So in terms of my comments about 4 hour shifts and choosing your products, the tv programme doesn’t really show how these decisions were made. Also, what was the rush to open so quickly? Was it to do with acquiring the building as it seems that otherwise a lot of the promotion, research and planning could have been done before hand?

    I realise you have to think short time too and opening today is much more important than filling up shifts for two weeks time. But at the same time, handing down responsibility for members to take ownership of their ideas (such as the marketing campaigns) would mean your time could be spent doing more important things – surely? Again the Channel 4 show makes it look like Arthur was in charge of doing everything whilst others stood about waiting for something to do. That’s what my leadership priorities comments were about.

    I’ve had a chance to look at your Facebook page and it looks great, exactly what I meant. 7000 fans is impressive too, we’ve joined and I hope you might follow back and share the One Chicken Nugget story.

    Finally, I don’t know if you have ever heard of SIFE, but if not it’s all about students working on projects like this. It is a global scheme that has over 40,000 students involved in the UK. If you go into any university I’m sure they’ll be happy to introduce you or I have contact details for the UK programme directors if you’re interested. I’m sure these students would be more than happy to get involved with bid writing, marketing campaigns, business forecasting, web design, communication strategies, team building…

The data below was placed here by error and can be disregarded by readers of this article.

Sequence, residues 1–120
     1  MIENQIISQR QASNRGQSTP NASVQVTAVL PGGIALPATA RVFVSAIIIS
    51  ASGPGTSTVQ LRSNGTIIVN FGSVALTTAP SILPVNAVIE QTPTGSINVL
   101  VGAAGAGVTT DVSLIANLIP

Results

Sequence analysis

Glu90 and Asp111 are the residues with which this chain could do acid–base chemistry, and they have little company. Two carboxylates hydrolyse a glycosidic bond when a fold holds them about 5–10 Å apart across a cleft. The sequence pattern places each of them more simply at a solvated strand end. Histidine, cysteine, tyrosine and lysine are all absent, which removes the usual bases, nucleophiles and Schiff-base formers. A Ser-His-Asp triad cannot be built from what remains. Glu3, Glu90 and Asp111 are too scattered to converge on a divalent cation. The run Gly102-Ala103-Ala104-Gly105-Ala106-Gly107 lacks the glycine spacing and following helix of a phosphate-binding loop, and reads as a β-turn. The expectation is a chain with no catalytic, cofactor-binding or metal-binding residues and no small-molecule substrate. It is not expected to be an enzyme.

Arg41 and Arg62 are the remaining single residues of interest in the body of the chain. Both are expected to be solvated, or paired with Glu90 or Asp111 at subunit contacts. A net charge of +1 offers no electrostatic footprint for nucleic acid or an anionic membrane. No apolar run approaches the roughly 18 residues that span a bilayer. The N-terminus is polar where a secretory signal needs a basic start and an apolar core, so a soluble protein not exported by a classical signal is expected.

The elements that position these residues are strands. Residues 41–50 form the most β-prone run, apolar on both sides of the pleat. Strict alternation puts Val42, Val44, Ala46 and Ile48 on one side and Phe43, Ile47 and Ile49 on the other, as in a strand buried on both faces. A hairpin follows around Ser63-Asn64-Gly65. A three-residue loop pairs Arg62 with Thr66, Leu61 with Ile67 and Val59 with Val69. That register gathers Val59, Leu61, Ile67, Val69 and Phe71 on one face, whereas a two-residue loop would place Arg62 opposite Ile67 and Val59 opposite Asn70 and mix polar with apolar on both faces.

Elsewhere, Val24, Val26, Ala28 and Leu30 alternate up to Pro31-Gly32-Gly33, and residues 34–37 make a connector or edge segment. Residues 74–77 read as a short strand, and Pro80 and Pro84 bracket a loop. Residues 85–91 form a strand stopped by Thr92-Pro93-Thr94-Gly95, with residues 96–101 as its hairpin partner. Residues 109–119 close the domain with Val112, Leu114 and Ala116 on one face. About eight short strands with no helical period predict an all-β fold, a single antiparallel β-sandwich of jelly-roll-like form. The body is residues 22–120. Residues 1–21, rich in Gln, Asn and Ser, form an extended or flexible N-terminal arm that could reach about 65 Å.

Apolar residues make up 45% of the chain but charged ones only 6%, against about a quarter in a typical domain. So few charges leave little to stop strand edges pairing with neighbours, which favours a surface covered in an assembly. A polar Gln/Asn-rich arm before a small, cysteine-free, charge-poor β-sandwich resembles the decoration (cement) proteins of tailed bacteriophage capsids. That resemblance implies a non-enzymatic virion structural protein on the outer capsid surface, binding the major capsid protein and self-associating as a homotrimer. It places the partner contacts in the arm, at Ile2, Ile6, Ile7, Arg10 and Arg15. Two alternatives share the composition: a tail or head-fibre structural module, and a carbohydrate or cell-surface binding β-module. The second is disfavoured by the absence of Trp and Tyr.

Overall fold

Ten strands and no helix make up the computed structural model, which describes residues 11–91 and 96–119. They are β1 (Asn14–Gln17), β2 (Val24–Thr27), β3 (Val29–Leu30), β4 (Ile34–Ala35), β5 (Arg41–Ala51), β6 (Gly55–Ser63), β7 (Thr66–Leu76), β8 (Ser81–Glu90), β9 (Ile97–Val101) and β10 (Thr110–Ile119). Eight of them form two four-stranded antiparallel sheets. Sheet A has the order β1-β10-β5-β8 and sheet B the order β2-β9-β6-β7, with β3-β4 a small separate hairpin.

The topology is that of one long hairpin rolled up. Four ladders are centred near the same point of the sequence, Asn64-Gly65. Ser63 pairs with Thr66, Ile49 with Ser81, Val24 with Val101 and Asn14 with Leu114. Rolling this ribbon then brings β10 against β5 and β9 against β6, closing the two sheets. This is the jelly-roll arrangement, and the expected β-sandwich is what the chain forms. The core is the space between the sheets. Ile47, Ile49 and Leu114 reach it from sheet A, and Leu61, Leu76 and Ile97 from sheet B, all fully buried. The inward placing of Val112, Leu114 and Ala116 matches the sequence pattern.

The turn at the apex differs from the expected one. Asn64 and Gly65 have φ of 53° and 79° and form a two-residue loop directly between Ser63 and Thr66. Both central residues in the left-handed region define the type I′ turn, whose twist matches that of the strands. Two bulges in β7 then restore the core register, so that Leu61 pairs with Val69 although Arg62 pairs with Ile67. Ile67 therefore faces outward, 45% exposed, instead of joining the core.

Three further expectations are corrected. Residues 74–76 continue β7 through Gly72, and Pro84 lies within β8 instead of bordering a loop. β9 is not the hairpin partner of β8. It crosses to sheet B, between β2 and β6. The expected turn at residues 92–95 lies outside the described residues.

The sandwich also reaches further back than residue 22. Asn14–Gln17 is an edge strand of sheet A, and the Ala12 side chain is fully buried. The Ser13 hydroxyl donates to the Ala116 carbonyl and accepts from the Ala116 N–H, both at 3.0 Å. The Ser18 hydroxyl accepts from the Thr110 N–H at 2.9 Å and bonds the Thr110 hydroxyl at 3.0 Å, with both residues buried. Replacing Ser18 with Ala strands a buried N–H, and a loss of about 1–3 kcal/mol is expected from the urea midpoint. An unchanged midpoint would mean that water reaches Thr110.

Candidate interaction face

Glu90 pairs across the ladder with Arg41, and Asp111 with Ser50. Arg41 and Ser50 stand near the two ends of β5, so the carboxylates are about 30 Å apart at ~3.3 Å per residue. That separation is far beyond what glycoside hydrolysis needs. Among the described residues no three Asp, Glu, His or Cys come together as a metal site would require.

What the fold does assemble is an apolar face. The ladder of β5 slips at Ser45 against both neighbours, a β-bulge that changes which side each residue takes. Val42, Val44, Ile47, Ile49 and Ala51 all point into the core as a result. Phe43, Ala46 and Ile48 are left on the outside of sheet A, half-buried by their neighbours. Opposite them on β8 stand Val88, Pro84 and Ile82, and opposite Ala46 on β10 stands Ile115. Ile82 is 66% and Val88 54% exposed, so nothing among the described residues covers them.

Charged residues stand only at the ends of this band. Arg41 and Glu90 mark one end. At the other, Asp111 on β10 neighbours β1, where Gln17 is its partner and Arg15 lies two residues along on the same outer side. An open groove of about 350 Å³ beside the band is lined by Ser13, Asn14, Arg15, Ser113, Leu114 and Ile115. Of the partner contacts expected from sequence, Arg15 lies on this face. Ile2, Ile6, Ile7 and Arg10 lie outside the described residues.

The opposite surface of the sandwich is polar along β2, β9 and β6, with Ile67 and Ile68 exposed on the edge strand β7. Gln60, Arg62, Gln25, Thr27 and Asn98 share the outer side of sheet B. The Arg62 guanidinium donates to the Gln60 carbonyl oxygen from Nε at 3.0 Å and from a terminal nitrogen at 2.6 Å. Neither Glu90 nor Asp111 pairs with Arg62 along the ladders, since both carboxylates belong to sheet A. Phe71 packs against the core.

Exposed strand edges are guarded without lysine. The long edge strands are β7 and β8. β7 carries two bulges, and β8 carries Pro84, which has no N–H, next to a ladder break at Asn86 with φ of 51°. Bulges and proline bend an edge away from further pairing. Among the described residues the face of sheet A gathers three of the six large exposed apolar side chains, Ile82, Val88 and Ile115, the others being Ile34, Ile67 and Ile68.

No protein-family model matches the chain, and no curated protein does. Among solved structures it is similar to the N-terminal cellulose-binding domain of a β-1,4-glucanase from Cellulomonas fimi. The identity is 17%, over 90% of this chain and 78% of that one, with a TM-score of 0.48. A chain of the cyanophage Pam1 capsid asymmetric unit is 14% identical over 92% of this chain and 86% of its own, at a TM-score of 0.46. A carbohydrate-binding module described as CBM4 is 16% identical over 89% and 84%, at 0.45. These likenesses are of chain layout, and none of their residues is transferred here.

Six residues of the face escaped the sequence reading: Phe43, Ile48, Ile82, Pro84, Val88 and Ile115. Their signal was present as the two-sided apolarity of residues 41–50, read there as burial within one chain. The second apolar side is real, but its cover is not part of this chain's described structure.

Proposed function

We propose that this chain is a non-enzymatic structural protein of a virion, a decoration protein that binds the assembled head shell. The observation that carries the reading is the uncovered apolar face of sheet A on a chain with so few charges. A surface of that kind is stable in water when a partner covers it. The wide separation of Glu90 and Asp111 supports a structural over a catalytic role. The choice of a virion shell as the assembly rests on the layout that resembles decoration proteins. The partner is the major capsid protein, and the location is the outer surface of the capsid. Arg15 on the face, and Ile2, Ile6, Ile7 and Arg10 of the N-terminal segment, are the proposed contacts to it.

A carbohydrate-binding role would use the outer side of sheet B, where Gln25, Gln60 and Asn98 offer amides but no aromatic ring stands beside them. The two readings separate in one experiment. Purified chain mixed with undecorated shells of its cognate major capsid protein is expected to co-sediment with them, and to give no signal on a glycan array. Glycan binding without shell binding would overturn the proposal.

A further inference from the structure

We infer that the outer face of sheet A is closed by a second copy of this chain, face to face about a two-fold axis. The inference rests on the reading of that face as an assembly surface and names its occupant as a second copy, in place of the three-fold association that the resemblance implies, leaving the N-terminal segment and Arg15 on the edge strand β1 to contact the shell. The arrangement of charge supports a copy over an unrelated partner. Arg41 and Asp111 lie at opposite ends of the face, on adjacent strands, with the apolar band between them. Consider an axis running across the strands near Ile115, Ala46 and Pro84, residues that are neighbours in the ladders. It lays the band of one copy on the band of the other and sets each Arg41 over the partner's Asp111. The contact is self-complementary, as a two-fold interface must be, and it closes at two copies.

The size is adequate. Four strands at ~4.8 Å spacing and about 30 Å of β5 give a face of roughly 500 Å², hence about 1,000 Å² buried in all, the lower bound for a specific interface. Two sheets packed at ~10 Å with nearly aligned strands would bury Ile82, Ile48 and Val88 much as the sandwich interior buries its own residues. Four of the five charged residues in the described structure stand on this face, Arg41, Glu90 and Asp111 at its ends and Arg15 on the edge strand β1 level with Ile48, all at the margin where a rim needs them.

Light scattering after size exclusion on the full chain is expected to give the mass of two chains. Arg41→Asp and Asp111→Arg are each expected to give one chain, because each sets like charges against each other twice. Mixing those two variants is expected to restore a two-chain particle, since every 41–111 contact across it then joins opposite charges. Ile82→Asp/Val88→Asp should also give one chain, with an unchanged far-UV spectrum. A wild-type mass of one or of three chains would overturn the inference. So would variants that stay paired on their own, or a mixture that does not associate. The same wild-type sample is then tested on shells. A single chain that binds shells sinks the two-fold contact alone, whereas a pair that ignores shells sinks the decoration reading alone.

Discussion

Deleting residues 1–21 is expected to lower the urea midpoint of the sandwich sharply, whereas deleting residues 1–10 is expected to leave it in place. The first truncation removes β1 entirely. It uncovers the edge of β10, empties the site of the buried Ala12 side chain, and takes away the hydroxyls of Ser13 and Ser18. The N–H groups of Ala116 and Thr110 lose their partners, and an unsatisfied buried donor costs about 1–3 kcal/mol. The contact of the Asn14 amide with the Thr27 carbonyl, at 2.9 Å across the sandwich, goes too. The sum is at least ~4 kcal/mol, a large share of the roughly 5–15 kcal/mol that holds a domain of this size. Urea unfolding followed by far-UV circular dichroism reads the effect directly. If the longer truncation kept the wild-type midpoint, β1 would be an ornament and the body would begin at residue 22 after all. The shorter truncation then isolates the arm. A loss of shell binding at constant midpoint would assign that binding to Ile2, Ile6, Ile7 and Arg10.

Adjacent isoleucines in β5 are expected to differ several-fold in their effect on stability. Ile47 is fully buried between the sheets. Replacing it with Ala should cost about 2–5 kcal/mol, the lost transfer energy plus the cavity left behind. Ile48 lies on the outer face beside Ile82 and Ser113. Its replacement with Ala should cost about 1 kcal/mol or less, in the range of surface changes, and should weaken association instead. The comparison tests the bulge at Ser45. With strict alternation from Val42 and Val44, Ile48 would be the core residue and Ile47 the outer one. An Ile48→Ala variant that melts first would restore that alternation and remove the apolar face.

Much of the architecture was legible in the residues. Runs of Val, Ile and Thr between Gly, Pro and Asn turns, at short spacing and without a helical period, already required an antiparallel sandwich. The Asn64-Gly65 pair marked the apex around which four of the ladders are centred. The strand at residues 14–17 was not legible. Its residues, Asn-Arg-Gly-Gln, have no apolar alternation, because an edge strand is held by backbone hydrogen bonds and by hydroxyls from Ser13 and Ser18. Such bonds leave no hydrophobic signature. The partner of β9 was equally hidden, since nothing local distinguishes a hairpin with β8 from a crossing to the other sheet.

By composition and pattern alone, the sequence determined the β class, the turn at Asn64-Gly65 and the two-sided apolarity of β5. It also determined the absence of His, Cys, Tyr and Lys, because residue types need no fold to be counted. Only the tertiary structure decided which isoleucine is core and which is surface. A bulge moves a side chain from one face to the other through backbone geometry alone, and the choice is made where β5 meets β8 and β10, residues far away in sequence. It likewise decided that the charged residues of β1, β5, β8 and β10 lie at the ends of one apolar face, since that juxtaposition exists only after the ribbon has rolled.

I really hope TPS succeeds and as I’ve said, I think its got great potential. If I move to London next year I’ll be signing on…

  4. February 28, 2011 10:55 pm

    Lee, thanks for this.

    Your q: 4 hour shifts and choosing your products, the tv programme doesn’t really show how these decisions were made…

    Me: The 4 hour shift pattern was inspired by the model that Arthur, Kate Wickers-Bull and me and others were inspired by – namely, the Park Slope Food Coop in Brooklyn, New York. Four hours is also about right, since it’s just about enough time for a freelancer/self-employed person with shaky commitments and super-fragile income to forsake, either by working in-store or offering time in kind. also, sounds manageable for someone looking for work or retired.

    Product choice: this was initially the responsibility of an experienced and *fantastic* product person/member called Amanda. also Kate Wickes-Bull, co-founder, currently Store Manager and veteran of Marks & Spencer for 20years. every members meeting there is a discussion on products and the product mix is changing as a result. It’s tricky: some people want Coco Pops, others want organic, bottle-fed cans of baked beans. The objective in the end is that TPS re products becomes what a co-op is, collective purchasing.

    Your q: what was the rush to open so quickly?

    Me: The store was opened quickly because we had won the opportunity to acquire the lease on Lamb’s Conduit Street and needed to ‘seize the moment’. and we wanted to test the offer to the public. Arthur, Kate, Me and an army of others had also been working on business plans for the thick end of a year and a half and thought, hell, we’ll just do it. all of the front end time was spent on numbers, business plans, chasing properties and market research. there was a danger of over-think. better to get on with it.

    Forgive the long essay. Great you’re interested. Also I was a bit sensitive to your criticisms, probably too sensitive! All of us, especially Arthur (in your direct firing line) and Kate Wickes-Bull have worked tirelessly to establish a platform for others to assume, grow, change (and yes, criticize too). *needs to grow up a bit!* 🙂